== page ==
What I notice about Coates’ response begins at the energetic level: one can imagine him feeling frustration, or exhaustion, or even anger, at hearing this question (again) from a well-intentioned white woman, but no negative feeling comes out. His demeanor conveys thoughtfulness and reflection, and, rather than put the audience on the defensive, he draws them in with accessible, sometimes humorous stories.

And not just any stories: he is making a deliberate point that “words don’t have meaning without context,” that this context is one of relationship, and that one’s right to use a particular word with another person starts with one’s relationship to that person.

Of course, he doesn’t say it that way. Instead, he starts by talking about his wife calling him “honey” and how it would be unacceptable for another woman to call him that if they were walking down the street. The audience laughs.

He goes on to describe how, when he was young and he would go see his family in Philadelphia, his family members would call his father, William Paul Coates, “Billy.” But “no one in Baltimore calls my Dad Billy, and..

…if I had referred to my Dad as Billy that probably would have been a problem. That’s because the relationship between myself and my Dad is not the same as the relationship between my Dad and his mother and his sisters who he grew up with. We understand that.

Indeed we do. It’s easy enough, and safe enough, to understand that there are certain ways we can and cannot address our parents. With this straightforward example, Coates invites us to step in at the shallow end of the pool.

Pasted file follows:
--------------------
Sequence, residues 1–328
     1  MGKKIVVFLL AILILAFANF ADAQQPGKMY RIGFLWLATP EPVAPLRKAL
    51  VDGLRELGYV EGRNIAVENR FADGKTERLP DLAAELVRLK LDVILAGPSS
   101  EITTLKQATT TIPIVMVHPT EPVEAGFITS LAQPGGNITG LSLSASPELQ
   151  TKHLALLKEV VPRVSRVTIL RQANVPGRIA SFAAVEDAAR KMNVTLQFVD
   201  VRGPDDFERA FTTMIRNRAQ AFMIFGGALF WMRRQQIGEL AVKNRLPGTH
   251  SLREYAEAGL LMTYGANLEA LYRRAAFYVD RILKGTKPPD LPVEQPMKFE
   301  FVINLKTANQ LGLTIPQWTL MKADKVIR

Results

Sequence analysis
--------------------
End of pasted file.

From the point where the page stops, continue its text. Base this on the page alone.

Then he ups the ante a bit, both in terms of tension and humor, by saying, in furthering the point:

My wife, with her girlfriends, will use the word ‘bitch.’ (Pause) I do not join in! I don’t do that. And more importantly, I don’t have a desire to do that. You understand?

Indeed. With the story as foundation, and with the disarming humor of Coates saying that calling his wife “bitch” would not go well for him, we start to see the broader point.

With these two stories—told with all the humor and narrative and seduction of stories—Coates helps the listener experience that language and its usage sits within the context of relationship; that, if you do not have a certain kind of relationship with a person or a group, then it is not OK for you to use that groups’ language; and that it is normal for groups to appropriate potentially offensive language and use it in an ironic way. He has shared all these points in ways that are both approachable and repeatable, so that those who are ultimately persuaded by his argument are armed to persuade the next person with these same, simple stories.